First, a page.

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Last edited by timc; 03-08-2014 at 07:52 PM..
Old 03-08-2014, 07:49 PM
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I've been using bosch W4CS silver plugs for the last 6 yerars. They work well and havn't fouled out on my car but silver plugs have a lower melting point than platinum plugs so they don't last long. They're made for racing where plugs get replaced every race.

Product description:
Bosch Silver Spark Plugs are specifically engineered to improve your performance, whether sport-driving and racing conditions or power sport application. These fine wire performance plugs are specifically engineered for colder racing applications, particularly those that run at full throttle (racing, water ski, and towing) and not for traditional automotive use (stop and go traffic) as they would quickly foul out. At the heart of these plugs is the silver enhanced center electrode that conducts electricity better than copper or nickel. These plugs are specifically engineered for high performance, not long life. As silver has a lower melting point than nickel, these plugs will need to be replaced more often depending on your application. For many racing applications this is not an issue as many racers are already replacing plugs after each race or even every run.

Amazon.com: Bosch W4CS Silver Spark Plug - Pack of 1: Automotive
Old 03-08-2014, 08:33 PM
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Bruce Anderson used to recommend the W4CS. It is an OK plug, but Silver can't compare with Platinum for durability, and it does not have a projected tip.

Here is what we have so far. Basically, you want to stay away from copper/nickel with multi-spark and stock CDI, as the center electrode erodes away faster than platinum, and the larger diameter takes away energy from the spark gap.

I strongly prefer the projected tip, as this reduces fouling, and I think it has a better idle. You can live without it, but why?

Old 03-09-2014, 08:02 AM
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Don't want to be cheap but have the plugs and plan on replacing them at every valve adjustment. Will the Ngk be ok for 15000 mi?
Old 03-09-2014, 10:35 AM
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Quote:
Don't want to be cheap but have the plugs and plan on replacing them at every valve adjustment. Will the Ngk be ok for 15000 mi?
I did try the NGK's that you are considering briefly and caused uneven idle compared to the w4cs, meaning a bit more minimal misfiring that I have noticed with the BP8's as opposed to the W4CS's.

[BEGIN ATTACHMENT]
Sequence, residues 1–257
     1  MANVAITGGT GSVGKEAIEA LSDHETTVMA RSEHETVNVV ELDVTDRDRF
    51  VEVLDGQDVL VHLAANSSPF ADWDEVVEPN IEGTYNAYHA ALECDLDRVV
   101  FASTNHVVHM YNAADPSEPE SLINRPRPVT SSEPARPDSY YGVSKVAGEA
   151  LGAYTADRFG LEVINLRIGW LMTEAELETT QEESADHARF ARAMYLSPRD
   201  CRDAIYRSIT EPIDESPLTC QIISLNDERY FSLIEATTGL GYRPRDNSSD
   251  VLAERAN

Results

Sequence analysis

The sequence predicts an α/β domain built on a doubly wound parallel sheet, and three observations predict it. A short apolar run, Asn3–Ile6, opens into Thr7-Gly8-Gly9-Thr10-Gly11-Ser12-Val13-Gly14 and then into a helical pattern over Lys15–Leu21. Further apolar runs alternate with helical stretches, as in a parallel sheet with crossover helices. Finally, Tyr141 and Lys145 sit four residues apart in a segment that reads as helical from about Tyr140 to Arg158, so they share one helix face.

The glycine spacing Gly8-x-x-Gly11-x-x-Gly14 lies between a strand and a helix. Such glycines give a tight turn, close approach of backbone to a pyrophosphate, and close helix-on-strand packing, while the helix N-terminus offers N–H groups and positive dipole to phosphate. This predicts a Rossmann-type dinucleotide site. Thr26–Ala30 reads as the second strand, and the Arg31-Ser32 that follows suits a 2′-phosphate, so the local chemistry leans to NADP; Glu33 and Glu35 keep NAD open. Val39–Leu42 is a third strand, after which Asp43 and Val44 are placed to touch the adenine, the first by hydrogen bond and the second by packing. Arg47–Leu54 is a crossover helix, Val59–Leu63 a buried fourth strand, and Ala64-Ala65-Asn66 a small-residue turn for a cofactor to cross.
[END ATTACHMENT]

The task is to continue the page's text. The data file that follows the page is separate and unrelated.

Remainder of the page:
Last edited by timc; 03-10-2014 at 11:33 AM..
Old 03-09-2014, 03:17 PM
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Thanks, Never seen these so cheap, just ordered 12. May wait a bit before I try the WD3PO's....

tim
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Old 03-09-2014, 04:59 PM
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Quote:
Originally Posted by JFairman View Post
go with speedy's advice rather than some one that drives till their tires pop and doesn't insure their car...
Jim, I must say that this comment has irked the living sh@t out of me since I read it several hours ago. There is no indication that this was meant in jest, and considering that you are not one to post playful jabs and such on here, I will assume that it was not meant to be funny. As much as I admire and respect your vast knowledge, experience and skills with regard to the workings of these machines, I find it strange that apparently you've still got some sort of irrational ax to grind over a lighthearted, humorous comment that Mark made, over two years ago, about the possibility of a spam-bot being you posting under an alias. Maybe I am mistaken, and Mark wronged you in some way that I am not privy to, but if not, wow, talk about being way out of line! And if it was actually meant in jest, I apologize for my rant.

Last edited by Ronnie's.930; 03-09-2014 at 08:27 PM..
Old 03-09-2014, 07:47 PM
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i wonder if anyone could actually tell the diference between the DPO and the CS in their car.
this might oughta be put in the "best oil" catagory of dont ask dont tell.

i have the NGK in right now and i am not sure i can tell any difference. as long as the heat range on the NGK was OK and the tip was not getting too hot, i thought maybe the protruding electrode might ignite a little better. (i had them so i thought i might try them)
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Old 03-10-2014, 04:01 AM